Monday, May 11, 2020

The Geometry of Castles - A Math Lesson in Google Earth

In the web browser version of Google Earth there is a section called Voyager. Within the Voyager section you'll find lots of pre-made tours, quizzes, and activities. One of those activities is called The Geometry of Castles.

The Geometry of Castles is a Google Earth Voyage that you can use to teach short lessons on angles and calculating line of sight distance. The voyage takes viewers to five castles around the world to illustrate these concepts. For teachers there is a handy guide available from Media4Math.

Media4Math has two other Voyages featured in Google Earth. Those are The Geometry of Sustainable Architecture and Triangular Structures. Media4Math offers helpful guides for teachers for both of those Voyages in Google Earth.

Applications for Education
For more than a decade I've encouraged teachers to look at Google Earth as being a tool that can be used for more than just social studies lessons. Sites like Google Lit Trips and Real World Math are dedicated to using Google Earth for language arts and math lessons. The obstacle to adoption of those ideas for many teachers was the requirement to install Google Earth on students' computers. Now that Google Earth can be used in Chrome, math lessons using Google Earth are accessible to more teachers and students than ever before.

We'll talking about Google Earth, VR Tour Builder, and other virtual tour activities in the Practical Ed Tech Virtual Summer Camp. Register here

Two Free Webinars Later This Week

Later this week you'll have the opportunity to join me in two free webinars. On Thursday at 3pm ET I'm hosting an encore of A Framework for Using Educational Technology. In that webinar I'll explain the simple framework that I use for deciding what tools to use in my classroom and recommend to others. Register here.

On Friday at 1pm ET I'll be joining Rushton Hurley from Next Vista for Learning for the eighth episode of Two Ed Tech Guys Take Questions and Share Cool Stuff. You can register for that webinar and watch previous episodes right here on the Next Vista webinars page.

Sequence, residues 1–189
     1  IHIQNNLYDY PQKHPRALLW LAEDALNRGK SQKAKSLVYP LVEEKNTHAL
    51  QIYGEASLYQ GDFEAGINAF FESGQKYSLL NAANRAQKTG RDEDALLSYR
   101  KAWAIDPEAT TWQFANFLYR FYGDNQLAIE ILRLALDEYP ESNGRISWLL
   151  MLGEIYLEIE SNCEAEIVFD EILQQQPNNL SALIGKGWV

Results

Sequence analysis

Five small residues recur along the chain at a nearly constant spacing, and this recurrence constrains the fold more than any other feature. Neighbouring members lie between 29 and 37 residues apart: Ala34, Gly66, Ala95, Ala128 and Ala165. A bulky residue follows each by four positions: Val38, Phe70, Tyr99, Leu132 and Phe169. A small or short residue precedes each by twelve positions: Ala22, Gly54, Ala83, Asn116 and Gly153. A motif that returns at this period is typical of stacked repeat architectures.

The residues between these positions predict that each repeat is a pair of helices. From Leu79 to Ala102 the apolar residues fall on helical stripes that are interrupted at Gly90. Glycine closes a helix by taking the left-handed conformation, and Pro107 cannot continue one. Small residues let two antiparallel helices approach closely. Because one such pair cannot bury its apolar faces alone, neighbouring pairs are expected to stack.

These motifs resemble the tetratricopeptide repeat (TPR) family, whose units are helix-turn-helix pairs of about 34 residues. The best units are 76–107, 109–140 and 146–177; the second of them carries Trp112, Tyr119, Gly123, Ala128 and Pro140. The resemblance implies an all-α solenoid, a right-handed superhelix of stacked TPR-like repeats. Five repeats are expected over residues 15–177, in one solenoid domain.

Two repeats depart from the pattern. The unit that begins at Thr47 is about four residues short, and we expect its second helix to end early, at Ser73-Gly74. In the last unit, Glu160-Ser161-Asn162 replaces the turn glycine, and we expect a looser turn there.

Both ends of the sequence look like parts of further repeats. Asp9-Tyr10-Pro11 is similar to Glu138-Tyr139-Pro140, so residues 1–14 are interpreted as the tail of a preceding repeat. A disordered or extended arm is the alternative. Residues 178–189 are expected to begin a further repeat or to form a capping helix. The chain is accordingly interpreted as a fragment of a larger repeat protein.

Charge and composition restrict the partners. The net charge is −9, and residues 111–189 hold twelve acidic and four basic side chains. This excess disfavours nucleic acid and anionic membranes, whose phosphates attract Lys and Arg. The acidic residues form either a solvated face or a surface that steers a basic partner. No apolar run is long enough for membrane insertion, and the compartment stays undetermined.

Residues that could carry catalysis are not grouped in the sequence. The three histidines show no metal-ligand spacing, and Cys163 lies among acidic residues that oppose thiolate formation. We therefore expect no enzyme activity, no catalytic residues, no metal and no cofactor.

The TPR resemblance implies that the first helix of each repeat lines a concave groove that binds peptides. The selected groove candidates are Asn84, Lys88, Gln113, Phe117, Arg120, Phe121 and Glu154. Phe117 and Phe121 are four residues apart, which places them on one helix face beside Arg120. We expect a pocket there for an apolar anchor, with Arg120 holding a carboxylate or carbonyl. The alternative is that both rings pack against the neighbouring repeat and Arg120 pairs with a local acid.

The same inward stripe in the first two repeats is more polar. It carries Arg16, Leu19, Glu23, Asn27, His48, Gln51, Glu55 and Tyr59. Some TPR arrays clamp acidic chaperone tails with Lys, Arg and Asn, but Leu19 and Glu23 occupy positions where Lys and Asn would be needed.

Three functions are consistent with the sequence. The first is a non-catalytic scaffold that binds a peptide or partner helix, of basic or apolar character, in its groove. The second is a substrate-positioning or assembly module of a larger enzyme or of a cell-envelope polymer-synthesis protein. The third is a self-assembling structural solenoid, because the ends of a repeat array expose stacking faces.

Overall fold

What makes it possible to offer these webinars for free? Funding for Free Technology for Teachers and Practical Ed Tech comes from advertisers and from great folks like you who pay to attend my professional development events like the Practical Ed Tech Virtual Summer Camp

How to Add Background Music to Screencastify Videos

Last week I published an article about how to extract the audio from your videos. A related question that I got from a reader was about how to add background music to Screencastify videos. There are a few ways that you can add audio to videos that you make with Screencastify including uploading your video to WeVideo or iMovie then adding a background track. Those methods are fine, but there is an easier way.

To add background music to a video that you created with Screencastify all that you need to do is upload the video to YouTube then use YouTube's built-in editor and library of free music. In the following short video I demonstrate how to add background music to your Screencastify videos.

Applications for Education
Adding some background music to a video can help reduce some of the echo or tinny sounds that sometimes occur in screencasts that are recorded without an external microphone. Adding background music can also have the effect of covering up some of the "ums" and "uhs" that we sometimes make when recording a video. Both of those audio improvements can lead to students viewing instructional videos for a bit longer or at least make paying attention a little bit easier.